A 14-foot steel beam recovered from the rubble of the World Trade Center comes to a Brevard museum
(Florida Today) by Scott Gunnerson -- Road-weary New York City firefighters rolled into the Rockledge fire station Friday afternoon on bicycles as they escorted a piece of history on a 1,400-mile journey.
They followed a trailer down U.S. 1 that carried a 14-foot steel I-beam recovered from the rubble of the World Trade Center after 9/11.
The twisted metal from the 60th floor of one of the twin towers will be delivered to the National Navy SEAL Museum in Fort Pierce today. The firefighters organized the ride to bring attention to the sacrifices of Navy SEALs and military community.
"It means a lot emotionally and physically," Kevin McCormick said. "It's our way to say thanks to the Navy SEAL community and the sacrifices they make."
When they reached Rockledge, the firefighters' entourage was greeted by the sound of bagpipes from the Brevard Police & Fire Pipes & Drums before they sat down to eat pizza.
The group from Chinatown's FDNY Engine 9 Ladder 6 began the trek March 19 from the World Trade Center Memorial in New York and drew crowds along the way.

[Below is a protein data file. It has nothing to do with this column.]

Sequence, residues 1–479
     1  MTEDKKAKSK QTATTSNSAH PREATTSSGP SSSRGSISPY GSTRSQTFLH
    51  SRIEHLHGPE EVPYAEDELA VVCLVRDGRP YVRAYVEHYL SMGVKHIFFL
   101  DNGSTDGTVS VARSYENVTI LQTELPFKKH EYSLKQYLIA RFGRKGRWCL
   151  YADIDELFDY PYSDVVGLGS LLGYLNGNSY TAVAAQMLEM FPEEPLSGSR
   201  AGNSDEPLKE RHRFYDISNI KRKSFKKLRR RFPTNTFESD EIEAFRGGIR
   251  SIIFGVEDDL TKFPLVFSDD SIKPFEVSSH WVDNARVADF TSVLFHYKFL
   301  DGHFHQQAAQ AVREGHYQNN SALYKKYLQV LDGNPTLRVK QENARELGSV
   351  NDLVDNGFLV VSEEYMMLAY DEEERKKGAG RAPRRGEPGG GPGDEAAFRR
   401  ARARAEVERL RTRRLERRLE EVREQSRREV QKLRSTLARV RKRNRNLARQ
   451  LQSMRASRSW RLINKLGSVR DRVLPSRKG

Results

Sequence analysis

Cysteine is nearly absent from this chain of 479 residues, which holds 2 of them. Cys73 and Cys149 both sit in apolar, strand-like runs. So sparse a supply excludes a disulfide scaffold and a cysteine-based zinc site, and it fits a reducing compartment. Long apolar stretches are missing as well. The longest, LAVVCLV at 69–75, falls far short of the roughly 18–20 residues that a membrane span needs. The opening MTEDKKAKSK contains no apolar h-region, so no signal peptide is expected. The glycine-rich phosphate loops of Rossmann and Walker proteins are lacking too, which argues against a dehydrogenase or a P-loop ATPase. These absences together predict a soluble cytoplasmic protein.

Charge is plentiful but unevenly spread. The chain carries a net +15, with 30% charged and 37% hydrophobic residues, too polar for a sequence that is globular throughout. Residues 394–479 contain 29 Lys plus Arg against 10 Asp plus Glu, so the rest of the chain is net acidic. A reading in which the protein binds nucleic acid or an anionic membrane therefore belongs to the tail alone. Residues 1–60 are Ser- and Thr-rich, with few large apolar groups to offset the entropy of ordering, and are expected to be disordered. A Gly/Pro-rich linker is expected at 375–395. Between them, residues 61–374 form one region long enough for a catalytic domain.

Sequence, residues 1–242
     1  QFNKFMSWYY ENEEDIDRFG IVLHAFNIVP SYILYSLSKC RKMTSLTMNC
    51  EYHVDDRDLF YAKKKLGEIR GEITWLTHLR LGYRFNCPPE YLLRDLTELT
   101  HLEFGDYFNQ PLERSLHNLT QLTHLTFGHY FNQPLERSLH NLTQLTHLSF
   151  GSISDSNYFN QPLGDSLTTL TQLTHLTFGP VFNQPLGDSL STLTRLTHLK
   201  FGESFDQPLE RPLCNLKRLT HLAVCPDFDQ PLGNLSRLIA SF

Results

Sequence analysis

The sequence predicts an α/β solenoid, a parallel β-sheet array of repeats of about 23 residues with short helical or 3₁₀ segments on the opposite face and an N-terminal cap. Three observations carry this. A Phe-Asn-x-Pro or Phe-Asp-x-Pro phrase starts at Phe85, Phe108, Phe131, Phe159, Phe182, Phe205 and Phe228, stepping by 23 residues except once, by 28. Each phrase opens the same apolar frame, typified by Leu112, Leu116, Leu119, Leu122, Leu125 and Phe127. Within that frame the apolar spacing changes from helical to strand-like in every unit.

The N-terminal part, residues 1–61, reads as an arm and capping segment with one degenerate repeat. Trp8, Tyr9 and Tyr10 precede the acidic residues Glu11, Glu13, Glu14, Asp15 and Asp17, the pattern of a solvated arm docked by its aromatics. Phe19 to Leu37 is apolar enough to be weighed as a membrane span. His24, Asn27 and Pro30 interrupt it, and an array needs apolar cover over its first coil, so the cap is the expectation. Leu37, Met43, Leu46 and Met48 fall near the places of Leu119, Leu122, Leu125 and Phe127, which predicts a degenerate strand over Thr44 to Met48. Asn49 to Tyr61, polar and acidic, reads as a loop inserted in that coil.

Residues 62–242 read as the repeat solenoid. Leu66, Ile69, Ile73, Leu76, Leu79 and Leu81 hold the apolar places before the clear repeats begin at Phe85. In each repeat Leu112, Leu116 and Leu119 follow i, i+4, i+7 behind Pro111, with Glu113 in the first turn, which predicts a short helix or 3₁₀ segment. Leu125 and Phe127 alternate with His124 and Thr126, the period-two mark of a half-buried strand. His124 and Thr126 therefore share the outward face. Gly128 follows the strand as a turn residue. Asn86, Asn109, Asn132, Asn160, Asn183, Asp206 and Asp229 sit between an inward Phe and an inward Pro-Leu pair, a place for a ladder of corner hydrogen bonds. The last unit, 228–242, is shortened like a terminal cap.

"People were clapping, cheering us on," McCormick said. "Literally, from north to south, the support as been enormous. They would see the steel and ask us what we were doing.
"All the sudden you would have a hundred people around us just to take a look at it."
One of the stops was at the Pentagon Memorial in Washington, D.C., where they paid their respects to those who died there on Sept. 11, 2001.
People who gathered to welcome the FDNY crew in Rockledge also took time to get images of the WTC I-beam with smart phones and cameras.
"What happened at the World Trade Center affected all of us, and it gives me chill-bumps just to look at the piece of steel," Rockledge fire chief Jeptha Sunday said.
The chief was proud that his department could offer the New York crew a little hospitality.
"When people think about fire departments, they think about the New York fire department," Sunday said. "It is pretty exciting to meet these guys and talk to them because firefighters all over the world are the same, it's a brotherhood."